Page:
'* * *. By degrees, * * *, the practice of issuing warrants came into use. The general authority of the justices in all matters relating to crime and indeed to the whole internal government of the country was firmly established by a great variety of statutes, and it would be natural that their directions should be taken when a crime was committed. It would also be more natural for the justice to authorize the constable to undertake the actual arrest of the offenders than to do it himself, and it might often be convenient, if a suspected person was to be searched for in more directions than one, to give written authority to various persons for the purpose.'
After discussing what we now know as the Preliminary Hearing, Stephen takes up consideration of the background and history of bail, noting at page 472 et seq.:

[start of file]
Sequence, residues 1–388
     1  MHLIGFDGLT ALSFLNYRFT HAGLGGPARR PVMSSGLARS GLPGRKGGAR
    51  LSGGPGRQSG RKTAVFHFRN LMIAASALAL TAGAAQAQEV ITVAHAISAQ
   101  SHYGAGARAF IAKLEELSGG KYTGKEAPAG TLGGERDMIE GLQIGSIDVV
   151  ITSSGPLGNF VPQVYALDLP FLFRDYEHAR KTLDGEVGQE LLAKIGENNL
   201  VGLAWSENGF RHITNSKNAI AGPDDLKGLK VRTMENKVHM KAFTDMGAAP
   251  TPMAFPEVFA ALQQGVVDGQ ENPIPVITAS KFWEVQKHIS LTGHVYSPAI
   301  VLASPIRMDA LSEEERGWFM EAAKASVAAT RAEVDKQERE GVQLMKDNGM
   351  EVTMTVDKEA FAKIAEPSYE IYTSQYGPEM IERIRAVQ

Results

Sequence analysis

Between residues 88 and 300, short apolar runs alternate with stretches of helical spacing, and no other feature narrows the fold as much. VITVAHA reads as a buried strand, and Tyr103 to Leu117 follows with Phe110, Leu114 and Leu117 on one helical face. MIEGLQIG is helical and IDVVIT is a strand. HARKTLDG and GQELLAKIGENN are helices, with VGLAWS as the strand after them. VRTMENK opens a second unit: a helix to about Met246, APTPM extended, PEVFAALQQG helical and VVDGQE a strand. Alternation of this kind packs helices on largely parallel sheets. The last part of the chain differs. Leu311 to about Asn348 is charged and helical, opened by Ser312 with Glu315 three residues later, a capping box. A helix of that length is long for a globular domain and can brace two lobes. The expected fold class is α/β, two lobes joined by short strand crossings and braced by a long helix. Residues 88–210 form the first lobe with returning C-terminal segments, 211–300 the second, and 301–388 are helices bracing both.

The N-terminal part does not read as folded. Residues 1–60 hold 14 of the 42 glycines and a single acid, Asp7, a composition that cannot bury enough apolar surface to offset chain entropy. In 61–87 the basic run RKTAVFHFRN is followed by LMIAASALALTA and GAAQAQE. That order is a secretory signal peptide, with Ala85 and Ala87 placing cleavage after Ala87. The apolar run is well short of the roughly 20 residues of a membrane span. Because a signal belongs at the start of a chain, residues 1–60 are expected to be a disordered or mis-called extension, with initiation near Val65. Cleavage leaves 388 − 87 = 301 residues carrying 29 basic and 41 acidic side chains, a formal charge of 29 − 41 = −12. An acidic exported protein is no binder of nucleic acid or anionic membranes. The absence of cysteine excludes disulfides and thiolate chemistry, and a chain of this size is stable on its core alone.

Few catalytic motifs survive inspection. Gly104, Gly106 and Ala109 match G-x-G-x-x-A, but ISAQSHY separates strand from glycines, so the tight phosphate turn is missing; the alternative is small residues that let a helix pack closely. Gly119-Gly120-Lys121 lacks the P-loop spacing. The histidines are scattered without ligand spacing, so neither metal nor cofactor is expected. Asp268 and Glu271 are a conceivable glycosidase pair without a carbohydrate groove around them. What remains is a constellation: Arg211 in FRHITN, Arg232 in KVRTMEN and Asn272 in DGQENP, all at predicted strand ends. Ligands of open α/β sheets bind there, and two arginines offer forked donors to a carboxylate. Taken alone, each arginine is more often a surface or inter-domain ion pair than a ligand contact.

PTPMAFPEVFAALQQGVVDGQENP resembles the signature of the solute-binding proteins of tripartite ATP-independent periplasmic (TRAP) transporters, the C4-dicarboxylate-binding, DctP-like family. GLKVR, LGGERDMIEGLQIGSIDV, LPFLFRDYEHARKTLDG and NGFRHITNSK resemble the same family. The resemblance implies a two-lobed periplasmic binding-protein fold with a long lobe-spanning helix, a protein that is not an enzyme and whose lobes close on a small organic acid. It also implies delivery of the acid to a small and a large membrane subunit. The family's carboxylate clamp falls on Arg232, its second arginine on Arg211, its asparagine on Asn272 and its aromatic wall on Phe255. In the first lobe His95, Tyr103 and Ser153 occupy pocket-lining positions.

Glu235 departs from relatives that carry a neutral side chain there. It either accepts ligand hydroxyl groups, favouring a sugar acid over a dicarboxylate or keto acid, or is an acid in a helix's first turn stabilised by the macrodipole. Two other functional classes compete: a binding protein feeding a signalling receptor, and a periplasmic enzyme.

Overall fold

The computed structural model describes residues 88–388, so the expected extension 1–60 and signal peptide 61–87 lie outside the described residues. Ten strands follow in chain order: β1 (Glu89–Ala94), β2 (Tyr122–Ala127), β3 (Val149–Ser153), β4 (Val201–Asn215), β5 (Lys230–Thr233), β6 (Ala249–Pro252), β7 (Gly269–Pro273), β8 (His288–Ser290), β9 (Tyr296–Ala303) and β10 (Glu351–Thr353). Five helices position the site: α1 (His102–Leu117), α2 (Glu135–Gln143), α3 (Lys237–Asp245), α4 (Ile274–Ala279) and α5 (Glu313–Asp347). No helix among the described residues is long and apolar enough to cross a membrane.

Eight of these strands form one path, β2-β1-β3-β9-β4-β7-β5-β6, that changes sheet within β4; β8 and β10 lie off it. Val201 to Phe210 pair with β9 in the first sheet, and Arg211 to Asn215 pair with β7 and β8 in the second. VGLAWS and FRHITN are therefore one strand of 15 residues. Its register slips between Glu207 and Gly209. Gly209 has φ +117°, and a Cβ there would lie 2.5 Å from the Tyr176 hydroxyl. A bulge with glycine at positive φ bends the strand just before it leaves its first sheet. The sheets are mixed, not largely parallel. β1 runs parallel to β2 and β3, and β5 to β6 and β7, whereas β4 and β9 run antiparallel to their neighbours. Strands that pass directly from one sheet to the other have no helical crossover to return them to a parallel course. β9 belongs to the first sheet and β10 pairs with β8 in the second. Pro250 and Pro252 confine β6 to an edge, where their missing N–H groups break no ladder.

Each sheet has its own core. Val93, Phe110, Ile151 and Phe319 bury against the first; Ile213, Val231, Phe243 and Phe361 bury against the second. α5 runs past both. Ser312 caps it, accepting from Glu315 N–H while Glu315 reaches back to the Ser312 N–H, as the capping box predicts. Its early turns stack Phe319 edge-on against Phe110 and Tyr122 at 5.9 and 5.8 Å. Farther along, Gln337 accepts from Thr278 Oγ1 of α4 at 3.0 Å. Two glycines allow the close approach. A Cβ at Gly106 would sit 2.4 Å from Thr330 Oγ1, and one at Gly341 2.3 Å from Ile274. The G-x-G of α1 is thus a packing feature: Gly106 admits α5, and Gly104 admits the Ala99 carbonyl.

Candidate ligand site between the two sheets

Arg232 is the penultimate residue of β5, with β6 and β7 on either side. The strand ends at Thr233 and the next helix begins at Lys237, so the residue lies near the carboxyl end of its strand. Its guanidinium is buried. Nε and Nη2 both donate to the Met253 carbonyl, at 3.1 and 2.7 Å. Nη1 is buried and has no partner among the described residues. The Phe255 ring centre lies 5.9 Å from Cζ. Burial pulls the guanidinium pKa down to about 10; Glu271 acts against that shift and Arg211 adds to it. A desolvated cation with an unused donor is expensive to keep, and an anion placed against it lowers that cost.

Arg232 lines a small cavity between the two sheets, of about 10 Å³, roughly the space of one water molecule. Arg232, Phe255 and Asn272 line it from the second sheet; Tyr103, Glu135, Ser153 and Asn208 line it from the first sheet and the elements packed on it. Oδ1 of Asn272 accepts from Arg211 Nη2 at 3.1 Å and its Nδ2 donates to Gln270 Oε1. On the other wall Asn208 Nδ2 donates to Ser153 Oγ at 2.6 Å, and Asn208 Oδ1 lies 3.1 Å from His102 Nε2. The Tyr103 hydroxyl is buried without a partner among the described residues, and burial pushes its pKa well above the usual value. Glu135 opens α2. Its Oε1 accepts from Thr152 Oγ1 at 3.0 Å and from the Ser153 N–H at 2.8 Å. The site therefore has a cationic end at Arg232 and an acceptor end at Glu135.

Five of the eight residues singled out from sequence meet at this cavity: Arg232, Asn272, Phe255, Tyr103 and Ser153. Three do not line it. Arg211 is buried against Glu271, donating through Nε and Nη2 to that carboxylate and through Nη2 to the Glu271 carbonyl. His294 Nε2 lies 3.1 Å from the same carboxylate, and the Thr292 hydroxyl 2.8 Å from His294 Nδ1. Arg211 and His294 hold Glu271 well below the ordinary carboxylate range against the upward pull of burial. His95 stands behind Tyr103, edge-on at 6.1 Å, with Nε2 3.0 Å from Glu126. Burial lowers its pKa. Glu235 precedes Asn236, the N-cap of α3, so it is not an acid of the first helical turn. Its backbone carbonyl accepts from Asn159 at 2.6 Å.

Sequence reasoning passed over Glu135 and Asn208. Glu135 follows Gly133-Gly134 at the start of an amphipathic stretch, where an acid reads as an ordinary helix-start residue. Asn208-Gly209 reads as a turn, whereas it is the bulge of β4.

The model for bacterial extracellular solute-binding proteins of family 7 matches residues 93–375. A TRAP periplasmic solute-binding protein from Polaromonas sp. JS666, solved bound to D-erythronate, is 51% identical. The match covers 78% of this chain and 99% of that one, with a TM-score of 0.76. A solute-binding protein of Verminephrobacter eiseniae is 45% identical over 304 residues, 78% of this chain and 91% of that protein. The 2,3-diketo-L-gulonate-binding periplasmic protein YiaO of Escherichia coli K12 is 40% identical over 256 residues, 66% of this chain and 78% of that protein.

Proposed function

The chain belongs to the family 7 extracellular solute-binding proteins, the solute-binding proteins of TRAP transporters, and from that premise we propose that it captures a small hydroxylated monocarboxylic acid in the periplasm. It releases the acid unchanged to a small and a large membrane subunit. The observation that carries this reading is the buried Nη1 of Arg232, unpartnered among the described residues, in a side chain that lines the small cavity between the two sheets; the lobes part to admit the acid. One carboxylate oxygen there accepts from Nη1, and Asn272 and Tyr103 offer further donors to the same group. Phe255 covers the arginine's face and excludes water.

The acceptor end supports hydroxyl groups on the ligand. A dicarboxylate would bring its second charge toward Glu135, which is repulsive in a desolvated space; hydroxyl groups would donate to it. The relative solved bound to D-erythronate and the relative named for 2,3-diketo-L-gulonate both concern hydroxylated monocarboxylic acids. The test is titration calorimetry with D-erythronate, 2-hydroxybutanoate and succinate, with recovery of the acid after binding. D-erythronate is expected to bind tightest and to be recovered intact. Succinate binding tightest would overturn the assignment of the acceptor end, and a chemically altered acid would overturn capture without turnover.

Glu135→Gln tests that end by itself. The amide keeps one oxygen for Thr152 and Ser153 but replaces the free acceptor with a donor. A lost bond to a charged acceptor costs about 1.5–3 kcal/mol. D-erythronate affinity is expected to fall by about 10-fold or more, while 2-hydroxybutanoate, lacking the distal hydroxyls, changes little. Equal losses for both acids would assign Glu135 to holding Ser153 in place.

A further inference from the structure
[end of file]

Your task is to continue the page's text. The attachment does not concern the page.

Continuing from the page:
'The next step to the preliminary inquiry held by the magistrates is the discharge, bail, or committal of the suspected person. Little need be said of the law as to the discharge or commital of the suspected person. * * *. The law of bail has a separate independent history.
'The right to be bailed in certain cases is as old as the law of England itself, and is explicitly recognized by our earliest writers. When the administration of justice was in its infancy, arrest meant imprisonment without preliminary inquiry till the sheriff held his tourn [59 Del. 23] at least, and in more serious cases, till the arrived of the justices, which might be delayed for years, and it was therefore a matter of the utmost importance to be able to obtain a provisional release from custody. * * *. (Emphasis supplied)
'These very ancient authorities [referring to some early legal authors] are somewhat general in their language, but it is still possible to trace the history of the law relating to bail from the beginning of the reign of Edward I. to our own days.